But multiply those hungry humans by billions. And add in the fact that many of those fish-dinner-loving humans live 10,000 miles from that particular reef. Suddenly, the desert ocean makes a bit more sense. Rob and I have seen first-hand many of the pressures facing the ocean and fisheries this past year: international trawlers that sweep up all living things in their path; gill nets the size of football fields strung out daily along the same reef; $900-per-day charter fishing trips whose participants bring in 500-pound wahoo or marlin just to mount the head on a wall.

The memory of those trawlers and nets and trophy fish flashed through my mind the first day I snorkeled in Tonga amidst the scanty underwater life. It left me feeling sad about the state of the sea, and helpless for how to heal it. It left me wondering what will happen to our desert oceans, and the the billions of humans who depend upon them.


deserted island paradise tonga vava'u brianna randall rob roberts travel blog

Bird Nerds on a Deserted Island

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deserted island paradise tonga vava'u brianna randall rob roberts travel blogImagine a place where hundreds of birds fly overhead.  Where baby birds squeak from every branch you can see.  Where eggs litter the ground you walk on.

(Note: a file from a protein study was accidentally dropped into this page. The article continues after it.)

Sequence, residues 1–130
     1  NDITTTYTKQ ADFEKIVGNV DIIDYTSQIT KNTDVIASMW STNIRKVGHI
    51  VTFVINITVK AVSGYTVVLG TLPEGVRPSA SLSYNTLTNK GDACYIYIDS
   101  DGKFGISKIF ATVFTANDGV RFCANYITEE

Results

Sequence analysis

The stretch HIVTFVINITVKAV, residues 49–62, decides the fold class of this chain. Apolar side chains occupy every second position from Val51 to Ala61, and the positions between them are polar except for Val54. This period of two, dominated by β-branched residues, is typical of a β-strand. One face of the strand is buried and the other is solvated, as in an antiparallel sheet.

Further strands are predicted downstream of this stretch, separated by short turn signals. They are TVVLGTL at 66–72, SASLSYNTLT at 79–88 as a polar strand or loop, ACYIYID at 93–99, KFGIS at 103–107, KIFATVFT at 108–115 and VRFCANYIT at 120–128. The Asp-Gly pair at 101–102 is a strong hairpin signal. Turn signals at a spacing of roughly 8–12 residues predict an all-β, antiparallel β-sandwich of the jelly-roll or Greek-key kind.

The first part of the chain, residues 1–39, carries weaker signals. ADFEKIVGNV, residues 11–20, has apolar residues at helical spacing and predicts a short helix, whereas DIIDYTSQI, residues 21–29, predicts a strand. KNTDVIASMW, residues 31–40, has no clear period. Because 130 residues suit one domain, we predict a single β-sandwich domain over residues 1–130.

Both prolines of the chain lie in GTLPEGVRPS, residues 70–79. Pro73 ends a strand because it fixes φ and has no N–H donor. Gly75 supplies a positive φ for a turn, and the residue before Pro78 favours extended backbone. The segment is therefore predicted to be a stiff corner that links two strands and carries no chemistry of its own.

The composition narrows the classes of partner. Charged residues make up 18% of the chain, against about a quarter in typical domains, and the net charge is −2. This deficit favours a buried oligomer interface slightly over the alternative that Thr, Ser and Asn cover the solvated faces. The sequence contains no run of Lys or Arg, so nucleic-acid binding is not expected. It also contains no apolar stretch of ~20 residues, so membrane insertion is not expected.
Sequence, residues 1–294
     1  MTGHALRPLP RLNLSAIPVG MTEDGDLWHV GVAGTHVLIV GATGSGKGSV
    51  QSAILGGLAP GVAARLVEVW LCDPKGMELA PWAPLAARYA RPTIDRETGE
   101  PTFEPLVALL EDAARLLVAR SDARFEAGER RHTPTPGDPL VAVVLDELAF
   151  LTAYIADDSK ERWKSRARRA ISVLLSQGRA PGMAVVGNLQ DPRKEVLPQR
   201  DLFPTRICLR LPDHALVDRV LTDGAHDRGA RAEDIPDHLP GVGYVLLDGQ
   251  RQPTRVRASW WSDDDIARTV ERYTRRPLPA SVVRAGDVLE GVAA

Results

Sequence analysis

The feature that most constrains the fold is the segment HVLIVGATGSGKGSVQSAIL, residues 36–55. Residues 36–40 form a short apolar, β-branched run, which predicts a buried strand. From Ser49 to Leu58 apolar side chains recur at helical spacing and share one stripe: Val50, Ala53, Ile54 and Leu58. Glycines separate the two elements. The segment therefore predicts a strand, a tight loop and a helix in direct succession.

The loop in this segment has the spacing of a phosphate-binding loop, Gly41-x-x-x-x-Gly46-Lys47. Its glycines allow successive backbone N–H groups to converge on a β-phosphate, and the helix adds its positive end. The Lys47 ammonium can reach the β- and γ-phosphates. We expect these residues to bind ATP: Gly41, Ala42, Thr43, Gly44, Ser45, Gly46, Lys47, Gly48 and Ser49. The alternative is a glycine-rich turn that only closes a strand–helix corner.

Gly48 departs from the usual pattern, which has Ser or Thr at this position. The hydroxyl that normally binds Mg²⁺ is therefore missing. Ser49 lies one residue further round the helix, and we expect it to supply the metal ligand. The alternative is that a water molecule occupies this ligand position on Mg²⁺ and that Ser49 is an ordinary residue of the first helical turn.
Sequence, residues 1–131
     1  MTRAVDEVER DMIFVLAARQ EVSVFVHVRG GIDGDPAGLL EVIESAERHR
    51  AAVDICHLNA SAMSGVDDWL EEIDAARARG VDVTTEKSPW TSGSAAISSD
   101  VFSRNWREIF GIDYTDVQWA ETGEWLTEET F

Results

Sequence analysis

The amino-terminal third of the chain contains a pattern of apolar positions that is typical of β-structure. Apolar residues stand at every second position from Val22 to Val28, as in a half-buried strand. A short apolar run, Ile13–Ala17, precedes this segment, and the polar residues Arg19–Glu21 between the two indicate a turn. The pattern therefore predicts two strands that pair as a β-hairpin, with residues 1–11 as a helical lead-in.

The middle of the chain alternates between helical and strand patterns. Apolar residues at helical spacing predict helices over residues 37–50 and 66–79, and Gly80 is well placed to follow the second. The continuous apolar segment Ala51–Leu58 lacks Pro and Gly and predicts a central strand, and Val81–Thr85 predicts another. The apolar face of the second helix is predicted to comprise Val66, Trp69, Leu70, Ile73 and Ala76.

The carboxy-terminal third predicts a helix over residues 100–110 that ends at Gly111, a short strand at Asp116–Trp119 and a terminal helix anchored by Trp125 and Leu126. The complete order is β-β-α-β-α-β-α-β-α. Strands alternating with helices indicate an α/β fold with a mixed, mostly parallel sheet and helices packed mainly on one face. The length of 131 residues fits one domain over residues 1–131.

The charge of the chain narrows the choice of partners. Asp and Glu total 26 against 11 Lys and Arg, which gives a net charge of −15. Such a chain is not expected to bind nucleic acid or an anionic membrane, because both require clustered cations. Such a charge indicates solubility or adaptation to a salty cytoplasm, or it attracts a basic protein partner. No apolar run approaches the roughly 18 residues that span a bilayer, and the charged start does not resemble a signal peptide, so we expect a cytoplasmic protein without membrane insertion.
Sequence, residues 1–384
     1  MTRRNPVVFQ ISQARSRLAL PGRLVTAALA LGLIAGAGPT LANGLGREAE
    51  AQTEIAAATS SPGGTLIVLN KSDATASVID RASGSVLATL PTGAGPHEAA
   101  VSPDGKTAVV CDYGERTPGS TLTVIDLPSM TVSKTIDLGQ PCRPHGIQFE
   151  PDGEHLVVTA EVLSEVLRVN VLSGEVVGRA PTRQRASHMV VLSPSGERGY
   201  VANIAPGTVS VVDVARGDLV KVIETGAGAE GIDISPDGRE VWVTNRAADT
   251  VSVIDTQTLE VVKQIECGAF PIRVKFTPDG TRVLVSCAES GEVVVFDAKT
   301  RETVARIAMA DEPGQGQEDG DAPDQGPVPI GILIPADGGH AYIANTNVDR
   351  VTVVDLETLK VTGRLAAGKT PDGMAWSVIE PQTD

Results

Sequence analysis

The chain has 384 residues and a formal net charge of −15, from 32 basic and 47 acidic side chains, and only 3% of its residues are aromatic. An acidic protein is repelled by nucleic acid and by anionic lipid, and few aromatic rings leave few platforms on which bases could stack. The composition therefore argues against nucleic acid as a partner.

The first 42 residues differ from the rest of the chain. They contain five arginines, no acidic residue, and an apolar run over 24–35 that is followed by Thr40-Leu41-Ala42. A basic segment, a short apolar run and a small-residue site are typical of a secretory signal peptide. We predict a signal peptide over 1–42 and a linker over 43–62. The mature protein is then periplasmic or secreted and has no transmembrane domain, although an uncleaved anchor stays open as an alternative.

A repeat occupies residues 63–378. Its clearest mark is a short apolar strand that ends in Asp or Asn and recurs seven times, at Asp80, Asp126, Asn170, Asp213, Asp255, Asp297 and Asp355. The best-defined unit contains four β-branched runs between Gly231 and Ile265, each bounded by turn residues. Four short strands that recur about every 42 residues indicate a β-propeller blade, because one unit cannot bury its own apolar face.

Imagine a place ringed by white sand and coral reef, a place you can circumnavigate in under ten minutes.

deserted island paradise tonga vava'u brianna randall rob roberts travel blogImagine a place where the wind can push the waves and the moon can push the tide as easily as a man knocks over a cup of water.

Imagine putting your tent too close to those waves and tides.

Imagine a deserted island where 6 friends arrive with tents, a cooler, ukeleles, some water toys, and a lot of papayas.

deserted island paradise tonga vava'u brianna randall rob roberts travel blogImagine hermit crab race courses, twirling flaming poi balls, reading books beneath hatching seabirds, cooking over a fire, collecting colorful shells, swimming in against a stiff outgoing tide.

Imagine camping for a weekend on an outer island in the south of Vava’u in Tonga, and you might just see the vignettes described above.  We did.

deserted island paradise tonga vava'u brianna randall rob roberts travel blog

Fonua Fu’o and Fonua Unga are spectacular places, almost untouched by humans.  Brown noddys and fairy terns use these islands as rookeries, and blacktip sharks as nurseries.  Boobies and frigate birds dive for needlefish.  The ground all around moves and wriggles, since almost every available shell is filled with an industrious hermit crab.  The waves push and pull more strongly on the outer islands, evidenced by our wet campfire the first night.  And the sun seems to shine more brightly, evidenced by our burnished skin when we returned home.

deserted island paradise tonga vava'u brianna randall rob roberts travel blog